Last Saturday, 18 October, 4,000 people took part in an anti-racist rally in support of the legalisation of refugees and immigrants’ rights took place in Athens.
The Greek Social Forum called the rally (the rest of the Greek left took no part in the demo). The overwhelming majority on the protest were immigrants.
The YRE and Xekinima (the Greek Section of the CWI) had an excellent contingent – very colourful and lively. There were up to 500 on this part of the demonstration. It was the only contingent with African, Asian, Greek and other workers and youth marching together.
Xekinima and YRE campaigned heavily for this demo for three weeks, visiting the immigrant neighbourhoods, Sunday churches, and explaining the need for a successful turnout. We produced leaflets and stickers, in three languages: English, Bangla and Greek.
It was a protest against the hypocrisy of the Greek government. Three years ago, the government announced it was starting legalisation concerning the 800,000 to 1 million immigrants who live in Greece. Even though the new legislation addressed many of the rights issues, the racist approach of the Greek state meant that many immigrants have been unable to get a stay and work permit. The last straw was when the permits granted last summer, and which lasted for 1 year, had already expired before they were handed to the immigrants! This meant that immigrants have to begin again following the procedures for their legalisation. This caused uproar in the immigrant communities.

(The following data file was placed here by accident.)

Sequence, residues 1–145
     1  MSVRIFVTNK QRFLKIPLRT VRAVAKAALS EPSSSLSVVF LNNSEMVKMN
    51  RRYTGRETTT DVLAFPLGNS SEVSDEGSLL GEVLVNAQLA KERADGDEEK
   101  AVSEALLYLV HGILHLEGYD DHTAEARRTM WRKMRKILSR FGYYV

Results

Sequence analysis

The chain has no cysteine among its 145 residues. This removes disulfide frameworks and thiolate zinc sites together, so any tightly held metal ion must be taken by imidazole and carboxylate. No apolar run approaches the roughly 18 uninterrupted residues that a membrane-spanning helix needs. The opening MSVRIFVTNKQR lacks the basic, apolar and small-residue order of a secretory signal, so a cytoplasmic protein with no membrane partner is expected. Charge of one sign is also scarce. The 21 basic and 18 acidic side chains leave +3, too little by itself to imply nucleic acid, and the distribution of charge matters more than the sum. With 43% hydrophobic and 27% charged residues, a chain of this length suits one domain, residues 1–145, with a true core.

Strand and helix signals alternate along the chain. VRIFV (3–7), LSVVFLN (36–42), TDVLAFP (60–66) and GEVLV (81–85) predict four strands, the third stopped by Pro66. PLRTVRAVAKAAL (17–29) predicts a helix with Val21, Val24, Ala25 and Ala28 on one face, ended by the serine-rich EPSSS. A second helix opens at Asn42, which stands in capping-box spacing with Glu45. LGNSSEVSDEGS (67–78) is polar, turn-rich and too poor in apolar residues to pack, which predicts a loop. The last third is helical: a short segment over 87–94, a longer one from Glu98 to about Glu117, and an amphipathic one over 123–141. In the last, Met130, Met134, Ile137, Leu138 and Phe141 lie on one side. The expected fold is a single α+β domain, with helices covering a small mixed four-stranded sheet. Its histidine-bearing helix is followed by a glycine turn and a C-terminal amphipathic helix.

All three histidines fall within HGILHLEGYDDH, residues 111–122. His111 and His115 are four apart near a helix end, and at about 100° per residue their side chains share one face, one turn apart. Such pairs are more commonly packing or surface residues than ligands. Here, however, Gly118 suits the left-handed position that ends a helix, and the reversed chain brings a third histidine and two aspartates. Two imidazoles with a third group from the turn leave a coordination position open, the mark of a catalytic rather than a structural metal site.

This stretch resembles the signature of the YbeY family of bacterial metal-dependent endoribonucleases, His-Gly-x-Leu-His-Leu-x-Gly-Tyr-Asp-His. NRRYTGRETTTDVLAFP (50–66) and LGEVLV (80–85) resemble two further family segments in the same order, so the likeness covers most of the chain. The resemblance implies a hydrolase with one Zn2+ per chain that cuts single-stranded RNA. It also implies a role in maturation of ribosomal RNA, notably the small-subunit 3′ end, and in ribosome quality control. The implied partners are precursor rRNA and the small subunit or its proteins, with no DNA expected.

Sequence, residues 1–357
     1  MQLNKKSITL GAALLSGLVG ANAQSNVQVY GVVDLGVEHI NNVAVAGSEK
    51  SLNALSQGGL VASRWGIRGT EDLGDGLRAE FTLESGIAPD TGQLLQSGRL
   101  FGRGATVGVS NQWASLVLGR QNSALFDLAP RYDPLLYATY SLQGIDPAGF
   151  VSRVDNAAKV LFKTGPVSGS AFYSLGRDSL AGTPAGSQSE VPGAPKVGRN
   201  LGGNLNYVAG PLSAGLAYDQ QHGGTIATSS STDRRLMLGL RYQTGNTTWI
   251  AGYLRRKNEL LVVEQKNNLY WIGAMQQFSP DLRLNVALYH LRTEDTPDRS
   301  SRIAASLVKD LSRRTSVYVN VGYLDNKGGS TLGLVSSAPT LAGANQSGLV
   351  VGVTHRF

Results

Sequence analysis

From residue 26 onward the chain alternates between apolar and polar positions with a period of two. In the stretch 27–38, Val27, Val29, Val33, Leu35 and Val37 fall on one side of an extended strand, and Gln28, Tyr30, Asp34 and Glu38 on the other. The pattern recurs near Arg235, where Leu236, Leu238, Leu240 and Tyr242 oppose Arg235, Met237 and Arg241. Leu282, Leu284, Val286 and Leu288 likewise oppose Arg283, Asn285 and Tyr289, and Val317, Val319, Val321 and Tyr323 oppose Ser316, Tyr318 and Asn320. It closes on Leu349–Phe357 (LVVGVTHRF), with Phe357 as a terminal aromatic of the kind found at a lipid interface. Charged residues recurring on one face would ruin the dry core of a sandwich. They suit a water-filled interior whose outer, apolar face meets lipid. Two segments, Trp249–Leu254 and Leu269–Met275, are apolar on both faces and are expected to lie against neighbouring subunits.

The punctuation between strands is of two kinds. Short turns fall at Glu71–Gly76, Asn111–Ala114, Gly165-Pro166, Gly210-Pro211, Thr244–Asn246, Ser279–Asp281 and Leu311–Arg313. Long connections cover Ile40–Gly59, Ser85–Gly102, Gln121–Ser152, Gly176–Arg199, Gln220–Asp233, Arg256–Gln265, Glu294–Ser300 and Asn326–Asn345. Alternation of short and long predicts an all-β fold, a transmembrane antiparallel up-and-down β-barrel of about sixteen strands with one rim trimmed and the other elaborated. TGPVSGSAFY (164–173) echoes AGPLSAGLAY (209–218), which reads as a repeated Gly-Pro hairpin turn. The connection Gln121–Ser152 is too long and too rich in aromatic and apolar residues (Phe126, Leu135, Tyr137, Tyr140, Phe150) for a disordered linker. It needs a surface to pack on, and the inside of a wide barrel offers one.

Most of the other contingents on last weekend’s demonstration were from communities. The Albanian and Bangladeshi contingents were the biggest with around 150 and 200 respectively. About 100 Filippinos were also there.
The protest turnout of 4,000 was quite good. The immigrants in Greece have only very recently begun to overcome their fears, demand their rights and demonstrate. It was the first time immigrants have openly defied the police on a demonstration like this. Many went up to the police officers, whistling and proudly showing the YRE stickers they wore. It was like saying to the police: "This is our day!. You stay put!".